Palæolithic Man

Nature December 19, 1912

[438] The fossil human skull and mandible to be described by Mr. Charles Dawson and Dr. Smith Woodward at the Geological Society as we go to press is the most important discovery of its kind hitherto made in England. The specimen was found in circumstances which seem to leave no doubt as to its geological age, and the characters it shows are themselves sufficient to denote its extreme antiquity. It was met with in a gravel which was deposited by the river Ouse near Piltdown Common, Fletching, Sussex, at a time when that river flowed at a level eighty feet above its present course.

Although the basin of the stream is now well within the Weald and far removed from the chalk, the gravel consists largely of iron-stained flints closely resembling those well known in gravel deposits on the downs, and among these there are many waterworn "eoliths" identical with those found on the chalk plateau near Ightham, Kent.

With the flints were discovered two fragments of the molar tooth of a Pliocene elephant, and a waterworn cusp of the molar of a Mastodon. The gravel is therefore partly made up of the remains of a Pliocene land-deposit. Teeth of hippopotamus, beaver, and horse, and part of the antler of a red deer were also found, with several unabraded typical early Palæolithic (Chellean) implements. The latter seem to determine the age of the gravel as Lower Pleistocene.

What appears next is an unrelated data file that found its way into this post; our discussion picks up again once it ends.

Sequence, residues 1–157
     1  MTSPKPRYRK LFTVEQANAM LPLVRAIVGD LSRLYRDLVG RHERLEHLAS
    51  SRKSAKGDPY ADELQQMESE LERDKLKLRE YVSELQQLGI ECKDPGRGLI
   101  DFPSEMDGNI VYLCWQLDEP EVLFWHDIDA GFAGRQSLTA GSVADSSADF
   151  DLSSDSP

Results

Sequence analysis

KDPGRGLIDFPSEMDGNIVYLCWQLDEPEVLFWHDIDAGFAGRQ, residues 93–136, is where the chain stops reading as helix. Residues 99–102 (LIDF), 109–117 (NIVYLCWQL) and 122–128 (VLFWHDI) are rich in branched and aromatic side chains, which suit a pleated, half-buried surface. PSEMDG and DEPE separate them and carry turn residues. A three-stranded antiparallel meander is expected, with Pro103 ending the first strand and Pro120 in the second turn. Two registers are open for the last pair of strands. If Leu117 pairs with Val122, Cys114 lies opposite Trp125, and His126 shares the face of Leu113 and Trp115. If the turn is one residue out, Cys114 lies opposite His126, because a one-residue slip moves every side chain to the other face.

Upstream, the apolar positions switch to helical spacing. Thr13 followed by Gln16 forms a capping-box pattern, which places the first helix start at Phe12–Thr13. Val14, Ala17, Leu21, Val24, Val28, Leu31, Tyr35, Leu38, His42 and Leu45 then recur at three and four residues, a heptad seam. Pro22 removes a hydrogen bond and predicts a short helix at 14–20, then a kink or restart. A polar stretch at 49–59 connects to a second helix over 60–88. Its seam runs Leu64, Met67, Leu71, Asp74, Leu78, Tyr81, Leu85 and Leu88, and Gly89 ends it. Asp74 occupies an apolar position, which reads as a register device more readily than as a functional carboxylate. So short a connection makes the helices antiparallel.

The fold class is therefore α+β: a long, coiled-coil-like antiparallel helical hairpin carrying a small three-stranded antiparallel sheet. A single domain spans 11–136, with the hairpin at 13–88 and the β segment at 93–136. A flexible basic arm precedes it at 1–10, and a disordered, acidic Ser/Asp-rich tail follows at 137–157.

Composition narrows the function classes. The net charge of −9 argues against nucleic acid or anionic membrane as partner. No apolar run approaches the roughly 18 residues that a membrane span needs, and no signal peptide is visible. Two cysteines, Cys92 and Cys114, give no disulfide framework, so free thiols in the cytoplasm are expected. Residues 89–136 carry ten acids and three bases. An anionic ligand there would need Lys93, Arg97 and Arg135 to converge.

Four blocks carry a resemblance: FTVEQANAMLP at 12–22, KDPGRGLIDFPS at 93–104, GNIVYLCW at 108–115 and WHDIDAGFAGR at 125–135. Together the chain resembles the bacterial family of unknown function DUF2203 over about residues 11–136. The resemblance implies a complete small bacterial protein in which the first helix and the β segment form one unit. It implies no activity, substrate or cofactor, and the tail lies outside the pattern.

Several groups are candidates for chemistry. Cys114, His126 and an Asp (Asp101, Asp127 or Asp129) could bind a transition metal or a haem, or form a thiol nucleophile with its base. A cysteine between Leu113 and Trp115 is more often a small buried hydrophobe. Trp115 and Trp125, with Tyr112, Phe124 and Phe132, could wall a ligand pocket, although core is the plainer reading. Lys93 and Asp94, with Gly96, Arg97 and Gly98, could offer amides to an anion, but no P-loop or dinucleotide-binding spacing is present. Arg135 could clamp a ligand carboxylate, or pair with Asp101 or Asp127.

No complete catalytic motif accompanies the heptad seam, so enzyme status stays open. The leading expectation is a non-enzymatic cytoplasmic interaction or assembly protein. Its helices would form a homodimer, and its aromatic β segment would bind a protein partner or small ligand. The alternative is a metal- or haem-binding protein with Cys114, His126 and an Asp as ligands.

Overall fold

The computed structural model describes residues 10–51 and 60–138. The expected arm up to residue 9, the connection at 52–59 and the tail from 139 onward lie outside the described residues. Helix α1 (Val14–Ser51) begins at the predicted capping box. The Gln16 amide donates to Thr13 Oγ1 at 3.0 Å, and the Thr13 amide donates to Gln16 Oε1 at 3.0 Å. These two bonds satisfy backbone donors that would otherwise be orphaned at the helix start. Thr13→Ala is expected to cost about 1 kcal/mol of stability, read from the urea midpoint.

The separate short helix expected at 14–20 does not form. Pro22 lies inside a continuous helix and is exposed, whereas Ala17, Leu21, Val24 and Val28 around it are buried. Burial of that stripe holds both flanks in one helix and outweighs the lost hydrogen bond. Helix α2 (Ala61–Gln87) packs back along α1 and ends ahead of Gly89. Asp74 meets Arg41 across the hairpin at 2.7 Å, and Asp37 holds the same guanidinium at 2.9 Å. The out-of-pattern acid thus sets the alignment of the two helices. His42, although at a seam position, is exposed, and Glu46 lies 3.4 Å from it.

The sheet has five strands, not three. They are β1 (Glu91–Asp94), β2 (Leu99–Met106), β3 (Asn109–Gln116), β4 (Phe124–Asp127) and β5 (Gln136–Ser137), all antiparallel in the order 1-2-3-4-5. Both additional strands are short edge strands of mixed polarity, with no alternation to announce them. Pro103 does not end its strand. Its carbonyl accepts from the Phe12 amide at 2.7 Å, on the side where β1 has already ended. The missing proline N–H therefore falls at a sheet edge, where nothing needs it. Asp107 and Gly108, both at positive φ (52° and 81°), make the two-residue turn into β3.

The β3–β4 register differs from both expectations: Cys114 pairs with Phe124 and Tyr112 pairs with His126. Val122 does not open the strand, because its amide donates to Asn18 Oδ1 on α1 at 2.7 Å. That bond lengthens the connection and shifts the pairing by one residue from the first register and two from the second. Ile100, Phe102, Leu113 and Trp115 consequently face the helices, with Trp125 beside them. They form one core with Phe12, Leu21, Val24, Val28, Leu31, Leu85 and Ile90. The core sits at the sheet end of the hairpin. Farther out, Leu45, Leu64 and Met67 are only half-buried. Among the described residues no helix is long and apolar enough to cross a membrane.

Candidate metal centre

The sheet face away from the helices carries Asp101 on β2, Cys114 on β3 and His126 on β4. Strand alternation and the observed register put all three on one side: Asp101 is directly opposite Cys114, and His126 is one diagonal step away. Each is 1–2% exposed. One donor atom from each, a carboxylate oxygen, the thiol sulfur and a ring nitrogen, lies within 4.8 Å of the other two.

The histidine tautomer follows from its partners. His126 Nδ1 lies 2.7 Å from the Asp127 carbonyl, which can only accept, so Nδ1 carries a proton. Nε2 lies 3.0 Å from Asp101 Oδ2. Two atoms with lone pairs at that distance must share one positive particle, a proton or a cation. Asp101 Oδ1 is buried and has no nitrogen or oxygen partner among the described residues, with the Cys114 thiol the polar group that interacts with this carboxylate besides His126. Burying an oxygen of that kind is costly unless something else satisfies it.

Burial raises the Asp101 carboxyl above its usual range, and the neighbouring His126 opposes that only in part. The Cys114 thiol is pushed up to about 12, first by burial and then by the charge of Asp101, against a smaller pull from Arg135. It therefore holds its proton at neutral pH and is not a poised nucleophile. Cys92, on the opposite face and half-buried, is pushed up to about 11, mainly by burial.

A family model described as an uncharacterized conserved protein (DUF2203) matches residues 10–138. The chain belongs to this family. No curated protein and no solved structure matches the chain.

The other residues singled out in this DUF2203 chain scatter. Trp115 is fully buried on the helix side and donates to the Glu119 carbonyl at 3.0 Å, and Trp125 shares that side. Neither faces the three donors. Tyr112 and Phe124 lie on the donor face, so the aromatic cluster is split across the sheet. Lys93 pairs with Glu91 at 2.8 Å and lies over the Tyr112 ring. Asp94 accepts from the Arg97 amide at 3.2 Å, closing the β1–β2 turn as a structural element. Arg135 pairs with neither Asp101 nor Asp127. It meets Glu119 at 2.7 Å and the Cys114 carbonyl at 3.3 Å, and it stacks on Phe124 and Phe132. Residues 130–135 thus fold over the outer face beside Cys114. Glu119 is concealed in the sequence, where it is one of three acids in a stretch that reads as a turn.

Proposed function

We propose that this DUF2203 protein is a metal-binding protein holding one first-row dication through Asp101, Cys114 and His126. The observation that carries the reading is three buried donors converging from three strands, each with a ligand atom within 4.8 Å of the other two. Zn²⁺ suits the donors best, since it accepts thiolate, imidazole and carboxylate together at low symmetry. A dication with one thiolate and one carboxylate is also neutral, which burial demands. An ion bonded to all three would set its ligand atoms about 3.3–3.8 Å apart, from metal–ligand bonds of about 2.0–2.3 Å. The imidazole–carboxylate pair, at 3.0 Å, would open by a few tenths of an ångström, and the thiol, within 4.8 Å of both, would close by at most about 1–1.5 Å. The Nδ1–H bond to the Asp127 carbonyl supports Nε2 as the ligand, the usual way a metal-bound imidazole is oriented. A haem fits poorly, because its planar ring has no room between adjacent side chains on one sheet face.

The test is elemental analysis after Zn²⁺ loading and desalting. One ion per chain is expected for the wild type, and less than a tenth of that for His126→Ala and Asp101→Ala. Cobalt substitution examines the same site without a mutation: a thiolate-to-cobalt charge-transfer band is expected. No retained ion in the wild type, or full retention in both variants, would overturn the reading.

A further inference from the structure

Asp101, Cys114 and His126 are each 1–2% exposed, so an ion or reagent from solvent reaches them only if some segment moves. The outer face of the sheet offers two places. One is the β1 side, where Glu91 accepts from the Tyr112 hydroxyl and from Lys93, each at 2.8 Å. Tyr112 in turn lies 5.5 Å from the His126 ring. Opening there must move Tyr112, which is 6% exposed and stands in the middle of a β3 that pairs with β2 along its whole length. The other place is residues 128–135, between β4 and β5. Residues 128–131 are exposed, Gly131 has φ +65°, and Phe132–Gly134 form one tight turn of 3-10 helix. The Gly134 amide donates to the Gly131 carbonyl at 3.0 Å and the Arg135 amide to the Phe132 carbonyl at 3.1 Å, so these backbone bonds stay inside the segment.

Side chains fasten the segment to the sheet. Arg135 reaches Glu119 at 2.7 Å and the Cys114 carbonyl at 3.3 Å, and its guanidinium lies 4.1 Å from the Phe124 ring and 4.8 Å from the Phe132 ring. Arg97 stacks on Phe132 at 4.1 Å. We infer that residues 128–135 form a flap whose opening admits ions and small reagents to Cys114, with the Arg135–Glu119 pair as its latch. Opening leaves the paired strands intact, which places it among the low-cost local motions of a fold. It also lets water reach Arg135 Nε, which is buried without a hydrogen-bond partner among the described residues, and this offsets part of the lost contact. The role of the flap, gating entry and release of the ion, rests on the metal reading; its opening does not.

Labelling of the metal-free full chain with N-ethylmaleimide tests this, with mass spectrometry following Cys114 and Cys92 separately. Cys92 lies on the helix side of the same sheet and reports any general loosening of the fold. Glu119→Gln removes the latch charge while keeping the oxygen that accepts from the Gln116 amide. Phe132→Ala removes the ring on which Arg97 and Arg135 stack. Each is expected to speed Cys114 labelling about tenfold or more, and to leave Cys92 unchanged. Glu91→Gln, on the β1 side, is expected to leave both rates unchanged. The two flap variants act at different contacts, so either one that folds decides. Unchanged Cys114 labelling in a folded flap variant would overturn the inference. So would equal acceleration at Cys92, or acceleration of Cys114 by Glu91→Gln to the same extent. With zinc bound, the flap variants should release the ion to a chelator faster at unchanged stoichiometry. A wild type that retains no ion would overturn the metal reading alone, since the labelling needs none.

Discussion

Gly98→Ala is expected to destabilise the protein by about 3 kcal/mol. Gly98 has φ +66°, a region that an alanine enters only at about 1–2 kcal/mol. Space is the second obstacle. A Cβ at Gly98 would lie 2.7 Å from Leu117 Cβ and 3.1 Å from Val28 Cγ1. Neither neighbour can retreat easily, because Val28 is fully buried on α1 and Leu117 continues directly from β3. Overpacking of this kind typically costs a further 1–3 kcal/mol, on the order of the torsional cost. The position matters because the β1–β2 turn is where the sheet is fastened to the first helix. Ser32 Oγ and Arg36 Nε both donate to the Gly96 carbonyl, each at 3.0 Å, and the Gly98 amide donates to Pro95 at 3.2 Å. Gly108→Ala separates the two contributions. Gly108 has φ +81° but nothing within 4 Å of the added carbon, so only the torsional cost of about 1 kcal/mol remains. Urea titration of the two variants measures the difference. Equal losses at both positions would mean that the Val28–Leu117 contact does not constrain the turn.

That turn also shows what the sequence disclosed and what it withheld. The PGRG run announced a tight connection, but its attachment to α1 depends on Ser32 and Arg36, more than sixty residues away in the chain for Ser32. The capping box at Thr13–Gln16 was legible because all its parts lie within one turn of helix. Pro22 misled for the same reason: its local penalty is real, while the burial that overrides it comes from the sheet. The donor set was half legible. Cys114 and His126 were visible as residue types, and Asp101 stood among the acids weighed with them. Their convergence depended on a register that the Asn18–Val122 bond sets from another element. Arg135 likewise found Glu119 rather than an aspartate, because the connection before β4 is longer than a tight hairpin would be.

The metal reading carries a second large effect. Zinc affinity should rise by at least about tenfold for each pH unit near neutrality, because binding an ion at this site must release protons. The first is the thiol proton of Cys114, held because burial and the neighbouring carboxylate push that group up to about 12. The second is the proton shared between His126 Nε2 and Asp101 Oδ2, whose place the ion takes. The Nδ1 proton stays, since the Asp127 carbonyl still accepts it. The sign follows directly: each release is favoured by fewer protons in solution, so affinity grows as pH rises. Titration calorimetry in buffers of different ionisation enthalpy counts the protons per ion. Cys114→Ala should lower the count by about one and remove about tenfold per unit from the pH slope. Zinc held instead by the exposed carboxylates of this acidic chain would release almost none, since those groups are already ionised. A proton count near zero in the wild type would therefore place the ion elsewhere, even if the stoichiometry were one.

The human remains, which are in the same mineralised condition as the associated fragments of other mammals, comprise the greater part of the brain-case and one mandibular ramus which lacks the upper portion of the symphysis. The skull measures 190 mm. in length by 150 mm. in width at its widest part, and the bones are of nearly twice the normal thickness. Its brain capacity is about 1070 c.c. The forehead is much steeper than in the Neanderthal type, with only a feeble brow-ridge; and the back of the skull is remarkably low and broad, indicating an ape-shaped neck. The mandible, so far as preserved, is identical in form with that of a young chimpanzee, showing even the characteristically simian inwardly curved flange of bone at the lower border of the retreating symphysis. The two molars preserved are of the human pattern, but comparatively long and narrow.

At least one very low type of man with a high forehead was therefore in existence in western Europe long before the low-browed Neanderthal man became widely spread in this region. Dr. Smith Woodward accordingly inclines to the theory that the Neanderthal race was a degenerate offshoot of early man and probably became extinct, while surviving modern man may have arisen directly from the primitive source of which the Piltdown skull provides the first discovered evidence.